AKP takes over the republic

ETYEN MAHÇUPYAN
Religious circles in Turkey have never had any problem with the republican regime itself; tension between the regime and religious people came about from the exclusionary administration of a clique that monopolized the republic and the imposition of a top-down superficial modernization.
State propaganda presented these reactions as a resistance of backwardness to secure the legitimacy of a “revolutionary” circle in power. This has obviously been the case with the media presenting the most extreme examples of religious circles for many years and even generating fake piety to prove the presence of backwardness during the Feb. 28, 1997 period.
This background has naturally led to the emergence of the perception of an Islamic community that has not reconciled with the idea of a republic. Therefore, the overall outlook generated by the Justice and Development Party (AKP) rule is, for many, surprising. There is no single speech by the prime minister where he does not praise the republican regime, secularism and democracy. On the other hand, this pro-Western and pro-modernity political movement is based on a vast demographic representation. This shows that the pious people of this country have the potential and ability to represent the legacy of this country; however, with a slight difference. In taking the steps of representation, religious circles and particularly the AKP, are transforming the republic on an ideological level. Under the Kemalist approach and perspective, the republican regime was established on the remains of a devastated empire. However, the republic the AKP represents is an extension of the Ottoman legacy. This approach makes the republic an extension and a continuation of a democratization and modernization experience that was initiated in the Tanzimat period and consolidated by the two constitutional attempts. In this way, a historical analysis of this regime becomes possible because the republic lags behind the era of constitutional attempts (i.e., the periods of the first and second Me?rutiyet) in terms of democratic representation, as well as freedom of thought and press freedom.

This stance and approach by the AKP has not been unintentionally created. We have a deliberate strategy out there, ready to reconsider history and confront it. But I must warn,  rather than a state of democratic awareness, this is the expression of a pursuit to address the experienced repressions and internalization of the state. In other words, the consideration of religious circles is all about the desire for experiencing the feeling of looking at history objectively rather than what really happened in the history.

However, despite these shortcomings, we cannot ignore the tremors that this attitude created within our ideological world. The comfort of the government and the discomfort of the Republican People’s Party (CHP) were obvious in regards to the discussion over the massacre committed in Dersim between 1936 and 1938. In addition to the fact that the main opposition party still needs the immunity granted to Atatürk, the AKP’s decision to side with the realities and truth are signs of future discussions.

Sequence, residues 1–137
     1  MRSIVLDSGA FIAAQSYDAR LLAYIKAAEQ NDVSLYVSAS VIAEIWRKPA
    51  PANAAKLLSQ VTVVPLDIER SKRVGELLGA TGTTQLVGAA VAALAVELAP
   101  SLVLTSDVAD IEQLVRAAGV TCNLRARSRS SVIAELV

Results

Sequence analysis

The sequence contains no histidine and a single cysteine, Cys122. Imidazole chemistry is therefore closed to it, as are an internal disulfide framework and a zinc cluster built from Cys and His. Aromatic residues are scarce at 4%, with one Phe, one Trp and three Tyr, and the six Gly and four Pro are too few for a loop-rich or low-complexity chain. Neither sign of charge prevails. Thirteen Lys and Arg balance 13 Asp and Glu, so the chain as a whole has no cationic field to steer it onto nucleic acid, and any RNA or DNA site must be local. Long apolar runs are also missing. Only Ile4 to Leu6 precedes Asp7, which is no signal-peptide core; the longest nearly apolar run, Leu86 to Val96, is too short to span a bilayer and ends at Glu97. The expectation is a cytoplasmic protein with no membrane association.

Interesting developments have taken place consecutively; Foreign Minister Ahmet Davuto?lu instantly took up the French offer for the establishment of a joint commission of history. This does not say that Turkey is ready to acknowledge the Armenian genocide. But it shows that Turkey wants to discuss the events that led to the definition of genocide and to confront it. On the same day Davuto?lu took up the French offer, Parliament Speaker Cemil Çiçek, who referred to an Armenian conference in 2005 as stab on the back, said: “We are ready to face our history, particularly the incidents of 1915. We are ready to evaluate and discuss controversial periods through studies carried out by historians. We have to face our history and build a future by dealing with past mistakes, if any.”

It is impossible to neglect the mental transformation that these statements are referring to. The critical point is that for the AKP and pious people, confronting the past means confronting the future; but building a future requires reconfiguring the period before the republic in people’s minds. At this point, the most important criticism that could be directed against the AKP could have been its strong emphasis upon the Ottoman period without making reference to modernization. For this reason, the symposium last week on Sultan Abulmecid and his era is important because this meeting was held under the auspices of the government, covered the policies of a sultan who issued reformatory deeds and decrees (Tanzimat and Islahat), took steps towards equal citizenship and adopted modern styles and attitudes in his personal life.

The fact that this government which represents religious people, takes ownership over a reformist Ottoman sultan, whose morals were opposite to those of the AKP, holds political significance.

A reconstruction of the republic through the Ottoman legacy and heritage opens new doors for the future by purging unpleasant memories of the regime from the minds of the people and putting the idea of the republic on its own historical course.


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